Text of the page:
August 19, 2013
Intermittent Hypoxic Exposure: How to Defy Trends in Clinical Data
This post is both a comprehensive analysis of intermittent hypoxic exposure. This technique is becoming one of the most popular types of simulated altitude training. It is also the only form of altitude training that is likely to become popular in the NFL or UFC, because of the need to maintain superior anaerobic fitness and muscle size. However, the scientific support for IHE is very inconsistent. Having developed truly successful IHE protocols and measured astounding results on athletes, I believe that the lack of clinical support is derived from the fact that most studies were not designed for optimizing performance gains. In this post our research team will break down the science behind exactly how to do this and show you how to actually use a hypoxicator as an effective training tool.
The Basics of Intermittent Hypoxic Exposure: Definitions and Evidence
Intermittent hypoxic exposure (IHE) consists of brief periods of exposure to severe altitudes at rest designed to induce biological adaptations that improve sea-level performance or prepare the body for high altitude. We will discuss a similar technique, intermittent hypoxic training (IHT), in a separate post because IHT protocols are designed differently to achieve different goals.
The clinical studies on IHE typically involve sessions of 1-3 hours in duration at simulated altitudes of 12,000-21,000 ft (3,658-6,401 m). Session frequency ranges from consecutive multiple times daily to 3 times per week, and experiments will last from 10 days up to 5 weeks. Though few studies show performance gains, the majority show no performance improvement at sea-level and no increase in red blood cell markers. Studies conducted on IHE for high altitude performance, however, often have positive results such as a more responsive ventilatory drive and improved skeletal muscle resistance to the hypoxic degradation caused by extreme altitudes.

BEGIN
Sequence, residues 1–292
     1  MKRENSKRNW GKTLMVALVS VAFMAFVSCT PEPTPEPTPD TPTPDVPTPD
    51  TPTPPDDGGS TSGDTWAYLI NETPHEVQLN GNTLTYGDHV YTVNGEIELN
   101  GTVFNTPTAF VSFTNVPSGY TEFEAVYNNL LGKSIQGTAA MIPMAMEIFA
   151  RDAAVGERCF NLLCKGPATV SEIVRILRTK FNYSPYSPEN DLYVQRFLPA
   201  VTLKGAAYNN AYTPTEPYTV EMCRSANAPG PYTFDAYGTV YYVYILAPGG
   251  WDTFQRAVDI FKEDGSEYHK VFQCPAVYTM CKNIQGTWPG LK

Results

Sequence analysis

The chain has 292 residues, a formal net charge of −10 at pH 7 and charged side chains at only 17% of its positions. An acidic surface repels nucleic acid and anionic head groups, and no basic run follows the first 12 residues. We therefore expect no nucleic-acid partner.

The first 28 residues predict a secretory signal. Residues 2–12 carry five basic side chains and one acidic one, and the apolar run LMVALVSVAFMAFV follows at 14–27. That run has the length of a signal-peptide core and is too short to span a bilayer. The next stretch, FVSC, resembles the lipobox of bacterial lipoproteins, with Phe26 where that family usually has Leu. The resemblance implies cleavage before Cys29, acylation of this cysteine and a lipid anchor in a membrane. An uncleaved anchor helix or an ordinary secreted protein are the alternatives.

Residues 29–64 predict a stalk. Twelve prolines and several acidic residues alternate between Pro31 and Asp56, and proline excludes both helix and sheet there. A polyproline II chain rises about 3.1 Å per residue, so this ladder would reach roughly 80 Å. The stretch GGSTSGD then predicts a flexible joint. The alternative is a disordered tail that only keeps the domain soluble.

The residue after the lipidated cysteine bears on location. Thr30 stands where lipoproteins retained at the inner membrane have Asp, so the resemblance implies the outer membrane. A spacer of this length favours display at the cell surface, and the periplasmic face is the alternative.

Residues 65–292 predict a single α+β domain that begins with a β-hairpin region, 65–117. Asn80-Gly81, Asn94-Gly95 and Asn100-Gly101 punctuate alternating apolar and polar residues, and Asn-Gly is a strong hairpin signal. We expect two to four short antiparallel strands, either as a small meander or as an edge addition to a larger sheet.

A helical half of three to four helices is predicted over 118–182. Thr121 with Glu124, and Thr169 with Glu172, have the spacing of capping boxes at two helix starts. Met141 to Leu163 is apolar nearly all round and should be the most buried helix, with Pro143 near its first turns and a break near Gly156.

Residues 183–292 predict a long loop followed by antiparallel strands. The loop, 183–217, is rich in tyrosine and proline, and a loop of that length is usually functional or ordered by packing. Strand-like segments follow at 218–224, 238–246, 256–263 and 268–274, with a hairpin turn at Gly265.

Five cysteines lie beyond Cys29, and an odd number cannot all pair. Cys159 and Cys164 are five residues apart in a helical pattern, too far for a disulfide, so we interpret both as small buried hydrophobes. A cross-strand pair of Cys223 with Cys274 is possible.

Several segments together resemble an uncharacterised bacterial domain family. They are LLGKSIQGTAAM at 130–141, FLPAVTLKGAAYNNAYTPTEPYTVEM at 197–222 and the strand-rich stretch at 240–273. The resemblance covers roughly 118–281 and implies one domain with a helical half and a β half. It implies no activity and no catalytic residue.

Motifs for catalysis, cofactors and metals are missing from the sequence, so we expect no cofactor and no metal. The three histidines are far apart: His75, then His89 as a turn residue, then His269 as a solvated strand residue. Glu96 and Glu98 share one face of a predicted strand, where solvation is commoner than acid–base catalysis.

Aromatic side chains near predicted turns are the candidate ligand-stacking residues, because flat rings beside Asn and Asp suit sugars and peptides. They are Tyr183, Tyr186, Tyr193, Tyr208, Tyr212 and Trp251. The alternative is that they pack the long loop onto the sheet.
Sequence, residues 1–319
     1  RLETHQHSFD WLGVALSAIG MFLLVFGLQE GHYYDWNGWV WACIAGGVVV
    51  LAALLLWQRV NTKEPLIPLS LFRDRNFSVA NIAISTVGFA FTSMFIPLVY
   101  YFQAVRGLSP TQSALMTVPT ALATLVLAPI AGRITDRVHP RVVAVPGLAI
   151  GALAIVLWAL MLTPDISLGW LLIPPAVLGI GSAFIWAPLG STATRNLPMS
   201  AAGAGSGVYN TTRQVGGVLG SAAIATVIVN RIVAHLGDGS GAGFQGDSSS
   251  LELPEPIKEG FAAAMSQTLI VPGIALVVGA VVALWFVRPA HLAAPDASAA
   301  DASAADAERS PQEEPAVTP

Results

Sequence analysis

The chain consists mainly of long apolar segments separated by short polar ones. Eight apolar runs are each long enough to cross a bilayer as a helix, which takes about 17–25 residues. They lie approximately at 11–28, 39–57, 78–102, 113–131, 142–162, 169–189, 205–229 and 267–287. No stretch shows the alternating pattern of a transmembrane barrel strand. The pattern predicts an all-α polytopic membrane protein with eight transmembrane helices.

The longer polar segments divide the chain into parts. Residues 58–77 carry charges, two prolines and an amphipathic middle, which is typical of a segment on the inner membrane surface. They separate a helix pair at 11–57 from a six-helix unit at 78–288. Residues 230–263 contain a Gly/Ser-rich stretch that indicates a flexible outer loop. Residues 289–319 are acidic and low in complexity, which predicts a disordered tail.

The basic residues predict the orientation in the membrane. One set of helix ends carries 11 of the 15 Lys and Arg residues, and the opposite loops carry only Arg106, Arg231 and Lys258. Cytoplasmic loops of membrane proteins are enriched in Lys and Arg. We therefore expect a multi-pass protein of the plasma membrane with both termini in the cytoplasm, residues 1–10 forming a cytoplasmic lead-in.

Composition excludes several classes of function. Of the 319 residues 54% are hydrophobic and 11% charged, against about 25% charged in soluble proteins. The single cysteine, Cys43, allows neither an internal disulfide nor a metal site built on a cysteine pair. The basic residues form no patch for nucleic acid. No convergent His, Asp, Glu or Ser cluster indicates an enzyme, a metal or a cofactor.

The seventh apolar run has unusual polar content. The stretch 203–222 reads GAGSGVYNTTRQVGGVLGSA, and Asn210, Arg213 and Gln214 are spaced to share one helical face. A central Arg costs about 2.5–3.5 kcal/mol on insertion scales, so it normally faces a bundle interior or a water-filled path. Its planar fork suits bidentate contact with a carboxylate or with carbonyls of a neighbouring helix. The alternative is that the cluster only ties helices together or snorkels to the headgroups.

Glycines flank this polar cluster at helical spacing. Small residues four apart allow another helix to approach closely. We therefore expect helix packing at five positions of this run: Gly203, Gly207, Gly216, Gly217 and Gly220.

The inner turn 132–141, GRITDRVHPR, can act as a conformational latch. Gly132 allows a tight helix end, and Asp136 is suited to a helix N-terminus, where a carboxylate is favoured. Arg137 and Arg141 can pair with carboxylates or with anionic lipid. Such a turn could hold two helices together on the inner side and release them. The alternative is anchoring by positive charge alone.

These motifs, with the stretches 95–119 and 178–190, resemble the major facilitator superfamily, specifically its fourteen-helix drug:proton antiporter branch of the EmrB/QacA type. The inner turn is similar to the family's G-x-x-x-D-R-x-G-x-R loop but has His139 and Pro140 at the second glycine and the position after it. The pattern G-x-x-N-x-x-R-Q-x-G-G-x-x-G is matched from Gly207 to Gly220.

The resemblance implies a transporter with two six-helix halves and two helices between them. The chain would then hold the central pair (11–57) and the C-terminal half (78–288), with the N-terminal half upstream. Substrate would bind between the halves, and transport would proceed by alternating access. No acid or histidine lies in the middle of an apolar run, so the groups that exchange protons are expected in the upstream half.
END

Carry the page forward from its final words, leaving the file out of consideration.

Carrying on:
IHE for High Altitude Vs. Sea-Level Performance
As you may have gleaned from above, there are two major applications for IHE: 1) high altitude pre-conditioning and 2) sea-level performance enhancement. In terms of clinical support, IHE is far more promising as a means to prepare the body for high altitude. This is likely because it induces the short-term components of acclimatization as well as primes various physiological/genetic mechanisms to react more quickly to successive high altitude exposures. For example, at high altitude, a heightened respiratory drive is the primary adaptation for improved performance because it best compensates for drops in blood 02 levels. At sea-level, Sp02 tends to only drop during maximal exercise, rendering enhanced ventilation less useful for overall endurance performance.
IHE’s ability to improve sea-level performance does not have a lot of support from clinical studies. This is because, compared to other types of high altitude training, the hypoxic stimulus seems to not be significant enough to bring about increases in blood oxygen carrying capacity. Furthermore the enzymatic and PH buffering adaptations commonly reported in intermittent hypoxic training studies, do not seem to be effectively provided by IHE.
So how do we defy clinical findings and create a sea-level performance enhancing IHE protocol?
First of all, there have been numerous clinical studies in which IHE improved red blood cell growth as well as performance. Furthermore, every single IHE study that measured levels of EPO in the blood did show significant increases. So it seems entirely possible that IHE has the potential to increase red blood cell production. By the way, the majority of these studies are available in a book called Intermittent Hypoxia: From Molecular Mechanisms to Clinical Applications by Lei Xi and Tatiana Serebrovskaya.